Tue, 11/12/2013 - 12:39 — Compost Stu

The twelve year old fingerlime which pokes through my toilet wall has finally got fruit on it. The thorny bush is littered with nests of firetails and I can watch them coming and going whilst sitting still on my throne. The fuss they create whilst building their nests is equal only to the contempt they show when they abandon them entirely. Their purposeful and committed behaviour gives way to detached complacency. Detachment is the art of letting go. Every time I visit my loo, I practice the art of detachment. I was committed to the food I ate, which my body duly processed, created a by- product, and now I can let it go. It feels great to have this process take place and one definitely leaves feeling lighter (enlightened!!) and freer.
Since the election, I have had to practice the art of detachment in a completely different way. Coalition policies have me riled and raging on many fronts, not the least of which is the “open for business” mentality and transfer of environmental planning powers from the federal to corrupt state jurisdictions. The secrecy surrounding the stop the boats policy is also hugely concerning. This sort of governance reeks of Nazi Germany and their lies to the world about the Jewish ghettos and death camps in Poland. We have camps full of refugees where even the Commissioner for the Rights of Children has been disallowed. Rumours of unrest and riots go unreported and even the cabinet ministers are gagged from talking to the media without express permission from the “Abbott” . My first reaction to all this was to bury my head, and carry on as an “inactivist”. My optimism came to the rescue and I realised that the only way I can cope with the situation is to become committed, but not attached to social change. Then I heard a radio show about Iranian activists that have been trying for years to reform Iranian society, without much luck. The activist was asked how it felt to be on the back foot in the face of such overwhelming odds. He said that they realise that their freedom is the path towards the goal, not the goal itself. Their freedom is an internal experience, something that is driven by their ability to live true to their ideals.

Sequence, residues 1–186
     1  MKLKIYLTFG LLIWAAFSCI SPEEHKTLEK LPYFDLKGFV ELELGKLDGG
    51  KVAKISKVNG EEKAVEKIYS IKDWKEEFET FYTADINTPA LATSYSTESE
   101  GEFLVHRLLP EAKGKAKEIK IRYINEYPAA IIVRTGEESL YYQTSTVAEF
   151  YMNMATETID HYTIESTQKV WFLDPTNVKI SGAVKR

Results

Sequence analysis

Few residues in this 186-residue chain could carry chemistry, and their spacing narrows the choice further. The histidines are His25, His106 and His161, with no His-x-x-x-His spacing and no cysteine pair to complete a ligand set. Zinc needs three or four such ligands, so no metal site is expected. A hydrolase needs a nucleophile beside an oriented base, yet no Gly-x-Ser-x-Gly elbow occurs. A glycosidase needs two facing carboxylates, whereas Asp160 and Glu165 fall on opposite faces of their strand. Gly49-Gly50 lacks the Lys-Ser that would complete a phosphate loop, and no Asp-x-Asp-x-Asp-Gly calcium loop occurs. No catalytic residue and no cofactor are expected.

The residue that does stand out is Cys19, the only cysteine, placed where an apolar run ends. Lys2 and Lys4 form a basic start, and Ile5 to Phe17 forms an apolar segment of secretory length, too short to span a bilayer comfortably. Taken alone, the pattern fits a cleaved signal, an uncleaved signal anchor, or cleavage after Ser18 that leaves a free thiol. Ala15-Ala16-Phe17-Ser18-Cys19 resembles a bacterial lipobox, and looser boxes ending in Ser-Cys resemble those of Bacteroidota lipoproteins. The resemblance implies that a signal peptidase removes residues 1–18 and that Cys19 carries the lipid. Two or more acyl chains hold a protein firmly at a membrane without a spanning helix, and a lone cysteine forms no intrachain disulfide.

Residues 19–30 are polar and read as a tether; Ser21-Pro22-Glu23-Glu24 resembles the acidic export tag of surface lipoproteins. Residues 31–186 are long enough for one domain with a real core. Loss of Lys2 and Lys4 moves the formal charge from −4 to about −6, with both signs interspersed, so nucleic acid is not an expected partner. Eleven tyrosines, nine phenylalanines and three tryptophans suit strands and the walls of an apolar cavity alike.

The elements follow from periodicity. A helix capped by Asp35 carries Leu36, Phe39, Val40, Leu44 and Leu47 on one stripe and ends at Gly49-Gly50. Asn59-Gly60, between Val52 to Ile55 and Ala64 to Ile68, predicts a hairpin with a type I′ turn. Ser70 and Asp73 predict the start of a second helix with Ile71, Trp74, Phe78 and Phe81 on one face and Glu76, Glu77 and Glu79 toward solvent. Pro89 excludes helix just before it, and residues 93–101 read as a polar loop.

Many activists become burnt out or disenfranchised by the apparent lack of progress towards a fairer more transparent society. Many more people don’t even get active because they cannot see an outcome that looks like success. If we are to really put up a good fight against this type of governance we need to enlist all those people who don’t think they can make a difference, but are similarly outraged by bullshit policies. The realisation that while winning or losing is not important, it is the soul’s freedom in expressing our love for the planet or brothers and sisters that will keep us going and ultimately win the war.

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